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10-15 minutes






To develop skills to organize an argument, share your point of view, consider various opinions and negotiate

  • Select a topic to be discussed, negotiated and agreed upon. This topic can be silly, such as, you need to order a pizza where the toppings will suit everyone.
  • Divide the class into two groups.
  • Allow each group one to two minutes to identify some arguments.
  • One group goes first and shares their points for one minute, followed by the second group shares their ideas.
  • The following task is to ask both groups to come together and find a solution that is perceived as a win-win for both teams.
  • In the small group discussions and whole class debate, have students consider the facts, the different opinions and potential compromises.
  • In addition, consider the way you engage in discussion with others. Are you being respectful or disrespectful? Have you ensured that you stayed focused on the issue and not attacked the person?
  • Incorporate the idea of the dignity of each person as necessary in solving conflict and resolving problems.
  • Ensure that  students who are racialized or marginalized continue to have an amplified voice when the dominate views are the majority.

Complementary practice: Active constructive listening (Healthy relationship skills)

Adolescents learn important skills during negotiations like: understanding the facts about theirs and others’ beliefs on a particular issue, how to explain the rationale behind their decision making, and how to maintain relationships once a conflict or disagreement is over (Kidder, 2017). When given explicit instructions to do so, students are capable of compromise, which is an important life-skill when settling differences of opinion during everyday interactions (Stein & Albro, 2001). Students whose social problem-solving skills are inadequate for their circumstances  [added by SMH-ON: such as systemic racism and structural oppression] are more likely to be impacted by stress and negative experiences, increasing the possibility of them experiencing depression (Ozdemir et al., 2013). The development of strong social problem-solving skills will support students in managing the risks of aggression, depression, and stress (Ozdemir et al., 2013). Ultimately, learning to understand and appreciate others’ points of view helps to facilitate solutions during arguments, and foster social relationships over the long-term (Stein & Albro, 2001; Kidder, 2017).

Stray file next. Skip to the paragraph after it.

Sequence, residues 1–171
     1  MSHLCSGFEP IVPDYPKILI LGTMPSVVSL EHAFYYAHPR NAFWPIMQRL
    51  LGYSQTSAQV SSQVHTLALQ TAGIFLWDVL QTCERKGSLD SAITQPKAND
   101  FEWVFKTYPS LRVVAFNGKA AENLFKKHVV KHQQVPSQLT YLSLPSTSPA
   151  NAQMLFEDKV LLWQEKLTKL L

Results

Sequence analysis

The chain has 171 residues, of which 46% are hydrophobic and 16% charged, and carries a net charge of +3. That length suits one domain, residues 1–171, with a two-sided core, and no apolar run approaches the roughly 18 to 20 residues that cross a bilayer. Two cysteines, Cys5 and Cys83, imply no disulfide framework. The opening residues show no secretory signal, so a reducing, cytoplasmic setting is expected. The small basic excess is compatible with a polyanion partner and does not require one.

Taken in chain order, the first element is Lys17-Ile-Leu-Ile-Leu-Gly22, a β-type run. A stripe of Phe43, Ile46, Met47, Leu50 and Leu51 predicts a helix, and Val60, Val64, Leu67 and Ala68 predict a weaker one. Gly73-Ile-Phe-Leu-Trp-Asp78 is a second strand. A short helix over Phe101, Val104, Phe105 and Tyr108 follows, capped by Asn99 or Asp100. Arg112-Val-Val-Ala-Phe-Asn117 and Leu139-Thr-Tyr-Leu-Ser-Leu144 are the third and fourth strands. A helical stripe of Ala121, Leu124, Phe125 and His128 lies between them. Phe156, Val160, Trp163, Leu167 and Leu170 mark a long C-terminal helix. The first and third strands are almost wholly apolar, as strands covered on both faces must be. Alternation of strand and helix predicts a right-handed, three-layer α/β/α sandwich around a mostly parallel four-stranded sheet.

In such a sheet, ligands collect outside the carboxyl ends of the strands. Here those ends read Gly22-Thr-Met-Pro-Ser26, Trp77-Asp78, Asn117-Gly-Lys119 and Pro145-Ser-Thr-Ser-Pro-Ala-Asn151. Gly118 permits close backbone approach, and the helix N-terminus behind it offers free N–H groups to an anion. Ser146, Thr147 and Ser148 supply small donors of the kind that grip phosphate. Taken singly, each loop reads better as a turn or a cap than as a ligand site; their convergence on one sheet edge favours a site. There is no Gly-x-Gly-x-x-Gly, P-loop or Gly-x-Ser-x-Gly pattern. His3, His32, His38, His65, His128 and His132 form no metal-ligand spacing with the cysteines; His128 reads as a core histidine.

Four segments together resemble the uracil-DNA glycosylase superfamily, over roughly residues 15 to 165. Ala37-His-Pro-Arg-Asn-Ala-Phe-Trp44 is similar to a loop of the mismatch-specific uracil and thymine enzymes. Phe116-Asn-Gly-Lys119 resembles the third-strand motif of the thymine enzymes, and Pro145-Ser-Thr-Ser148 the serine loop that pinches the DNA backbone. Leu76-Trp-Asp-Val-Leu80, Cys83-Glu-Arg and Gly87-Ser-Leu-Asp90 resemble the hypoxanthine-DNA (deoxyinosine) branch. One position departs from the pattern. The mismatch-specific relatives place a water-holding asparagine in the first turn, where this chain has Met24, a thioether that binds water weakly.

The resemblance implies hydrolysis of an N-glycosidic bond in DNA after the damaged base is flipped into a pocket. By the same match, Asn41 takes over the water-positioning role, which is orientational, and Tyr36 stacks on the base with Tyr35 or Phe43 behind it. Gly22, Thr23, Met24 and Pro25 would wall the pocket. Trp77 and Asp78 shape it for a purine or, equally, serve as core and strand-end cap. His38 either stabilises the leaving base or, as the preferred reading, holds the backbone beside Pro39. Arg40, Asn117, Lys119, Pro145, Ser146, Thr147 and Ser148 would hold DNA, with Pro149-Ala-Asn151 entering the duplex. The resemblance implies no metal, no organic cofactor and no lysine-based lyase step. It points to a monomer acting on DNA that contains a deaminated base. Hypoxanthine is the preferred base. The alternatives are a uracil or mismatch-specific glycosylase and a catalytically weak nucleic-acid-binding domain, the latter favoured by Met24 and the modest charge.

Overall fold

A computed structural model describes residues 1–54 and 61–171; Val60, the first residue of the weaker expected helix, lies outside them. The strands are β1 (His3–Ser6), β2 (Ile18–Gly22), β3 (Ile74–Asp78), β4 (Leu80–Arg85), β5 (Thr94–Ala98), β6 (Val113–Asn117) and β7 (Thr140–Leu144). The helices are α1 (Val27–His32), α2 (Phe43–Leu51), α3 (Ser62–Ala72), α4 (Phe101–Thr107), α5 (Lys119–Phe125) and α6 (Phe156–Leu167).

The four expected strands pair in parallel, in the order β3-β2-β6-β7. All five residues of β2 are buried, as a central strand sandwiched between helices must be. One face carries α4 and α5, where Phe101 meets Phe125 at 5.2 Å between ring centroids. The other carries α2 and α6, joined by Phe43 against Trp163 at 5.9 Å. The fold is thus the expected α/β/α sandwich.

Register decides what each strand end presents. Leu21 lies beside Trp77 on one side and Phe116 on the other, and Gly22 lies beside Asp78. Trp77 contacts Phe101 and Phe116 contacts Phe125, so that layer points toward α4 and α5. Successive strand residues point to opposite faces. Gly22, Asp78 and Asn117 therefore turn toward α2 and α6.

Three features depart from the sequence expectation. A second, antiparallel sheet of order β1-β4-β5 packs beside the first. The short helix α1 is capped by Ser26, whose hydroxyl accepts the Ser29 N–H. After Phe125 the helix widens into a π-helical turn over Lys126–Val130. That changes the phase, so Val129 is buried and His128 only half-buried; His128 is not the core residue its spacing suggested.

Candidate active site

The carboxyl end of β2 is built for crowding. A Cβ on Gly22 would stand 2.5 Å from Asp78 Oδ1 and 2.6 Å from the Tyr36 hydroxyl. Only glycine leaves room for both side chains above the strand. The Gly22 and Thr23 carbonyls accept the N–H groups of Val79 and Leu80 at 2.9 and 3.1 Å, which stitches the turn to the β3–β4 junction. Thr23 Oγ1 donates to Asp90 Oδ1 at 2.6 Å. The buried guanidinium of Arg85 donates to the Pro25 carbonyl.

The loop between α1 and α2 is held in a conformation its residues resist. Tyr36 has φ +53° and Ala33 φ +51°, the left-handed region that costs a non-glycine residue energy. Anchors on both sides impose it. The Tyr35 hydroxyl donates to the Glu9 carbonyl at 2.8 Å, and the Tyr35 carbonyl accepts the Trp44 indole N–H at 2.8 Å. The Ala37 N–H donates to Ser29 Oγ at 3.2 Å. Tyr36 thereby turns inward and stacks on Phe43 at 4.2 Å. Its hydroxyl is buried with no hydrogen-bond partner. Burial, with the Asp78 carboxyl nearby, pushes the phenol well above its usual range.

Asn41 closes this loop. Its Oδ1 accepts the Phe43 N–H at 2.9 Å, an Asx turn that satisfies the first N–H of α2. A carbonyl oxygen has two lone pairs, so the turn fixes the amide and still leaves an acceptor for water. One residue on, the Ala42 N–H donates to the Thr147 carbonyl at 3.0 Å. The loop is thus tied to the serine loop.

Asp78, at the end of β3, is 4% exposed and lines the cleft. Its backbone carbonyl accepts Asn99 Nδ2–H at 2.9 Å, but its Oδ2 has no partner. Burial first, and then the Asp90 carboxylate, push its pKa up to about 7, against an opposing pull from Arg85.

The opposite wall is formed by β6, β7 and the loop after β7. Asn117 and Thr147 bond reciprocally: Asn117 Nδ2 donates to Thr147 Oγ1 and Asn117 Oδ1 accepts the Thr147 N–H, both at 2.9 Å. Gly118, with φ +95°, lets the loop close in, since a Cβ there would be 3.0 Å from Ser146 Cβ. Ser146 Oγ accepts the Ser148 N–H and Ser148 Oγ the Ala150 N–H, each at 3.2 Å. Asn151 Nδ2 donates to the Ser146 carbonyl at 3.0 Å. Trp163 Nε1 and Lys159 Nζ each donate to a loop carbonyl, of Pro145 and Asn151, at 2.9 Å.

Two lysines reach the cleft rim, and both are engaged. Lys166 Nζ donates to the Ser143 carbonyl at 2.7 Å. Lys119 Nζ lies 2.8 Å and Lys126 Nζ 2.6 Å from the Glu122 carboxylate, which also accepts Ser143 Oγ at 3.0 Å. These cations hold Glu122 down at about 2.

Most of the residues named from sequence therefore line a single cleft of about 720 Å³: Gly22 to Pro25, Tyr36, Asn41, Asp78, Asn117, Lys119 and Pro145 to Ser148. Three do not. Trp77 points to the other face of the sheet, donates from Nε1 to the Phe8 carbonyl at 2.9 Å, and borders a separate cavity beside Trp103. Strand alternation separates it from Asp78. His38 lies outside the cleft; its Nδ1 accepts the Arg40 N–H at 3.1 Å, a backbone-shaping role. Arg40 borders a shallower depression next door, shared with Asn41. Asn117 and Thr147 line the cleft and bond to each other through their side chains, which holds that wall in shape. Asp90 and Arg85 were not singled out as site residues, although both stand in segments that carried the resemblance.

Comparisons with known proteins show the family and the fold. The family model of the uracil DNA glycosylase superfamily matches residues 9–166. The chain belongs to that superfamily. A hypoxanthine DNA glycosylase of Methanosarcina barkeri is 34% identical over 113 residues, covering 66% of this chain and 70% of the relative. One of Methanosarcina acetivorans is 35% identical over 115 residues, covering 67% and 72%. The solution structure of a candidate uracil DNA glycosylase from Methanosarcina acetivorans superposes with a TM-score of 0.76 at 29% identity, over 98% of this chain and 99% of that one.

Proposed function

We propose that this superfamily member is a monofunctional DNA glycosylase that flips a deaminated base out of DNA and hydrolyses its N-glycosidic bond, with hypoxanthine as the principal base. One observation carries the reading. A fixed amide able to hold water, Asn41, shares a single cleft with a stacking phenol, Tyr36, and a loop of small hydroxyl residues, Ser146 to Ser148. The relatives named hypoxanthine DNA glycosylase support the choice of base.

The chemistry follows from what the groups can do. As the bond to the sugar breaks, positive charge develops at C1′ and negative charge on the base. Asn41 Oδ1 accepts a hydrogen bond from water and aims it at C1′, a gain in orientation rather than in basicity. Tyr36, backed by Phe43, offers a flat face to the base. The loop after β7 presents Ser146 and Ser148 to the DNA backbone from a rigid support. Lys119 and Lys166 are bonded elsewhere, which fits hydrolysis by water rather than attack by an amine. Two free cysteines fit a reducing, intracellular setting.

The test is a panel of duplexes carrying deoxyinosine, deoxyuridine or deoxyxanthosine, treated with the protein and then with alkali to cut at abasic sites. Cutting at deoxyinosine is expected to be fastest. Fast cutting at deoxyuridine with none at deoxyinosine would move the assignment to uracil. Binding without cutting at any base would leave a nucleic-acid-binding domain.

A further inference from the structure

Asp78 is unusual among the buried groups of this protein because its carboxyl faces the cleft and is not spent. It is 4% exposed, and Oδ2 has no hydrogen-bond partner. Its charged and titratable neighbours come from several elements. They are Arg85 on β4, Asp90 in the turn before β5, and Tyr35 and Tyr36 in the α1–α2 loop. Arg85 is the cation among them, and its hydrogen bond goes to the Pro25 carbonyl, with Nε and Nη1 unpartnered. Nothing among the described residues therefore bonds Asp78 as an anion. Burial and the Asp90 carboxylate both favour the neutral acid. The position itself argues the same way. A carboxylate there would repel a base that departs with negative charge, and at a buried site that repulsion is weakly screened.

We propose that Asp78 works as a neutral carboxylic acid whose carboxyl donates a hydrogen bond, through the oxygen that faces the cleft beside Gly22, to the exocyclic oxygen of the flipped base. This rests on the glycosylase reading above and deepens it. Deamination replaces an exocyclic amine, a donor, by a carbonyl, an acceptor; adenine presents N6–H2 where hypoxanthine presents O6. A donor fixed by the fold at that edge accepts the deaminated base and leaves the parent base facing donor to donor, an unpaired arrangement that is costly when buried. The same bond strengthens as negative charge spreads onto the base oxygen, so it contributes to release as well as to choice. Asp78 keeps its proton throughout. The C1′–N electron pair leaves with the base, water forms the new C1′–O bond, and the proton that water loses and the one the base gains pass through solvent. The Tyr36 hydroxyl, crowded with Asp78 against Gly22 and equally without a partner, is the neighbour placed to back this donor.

Kidder, D. L. (2017). BABO Negotiating: Enhancing Students’ Perspective‐Taking Skills. Negotiation Journal, 33(3), 255-267.

Özdemir, Y., Kuzucu, Y., & Koruklu, N. (2013). Social problem solving and aggression: The role of depression. Journal of Psychologists and Counsellors in Schools, 23(1), 72-81.

Stein, N. L., & Albro, E. R. (2001). The origins and nature of arguments: Studies in conflict understanding, emotion, and negotiation. Discourse Processes, 32(2-3), 113-133. http://dx.doi.org/10.1207/S15326950DP3202&3_02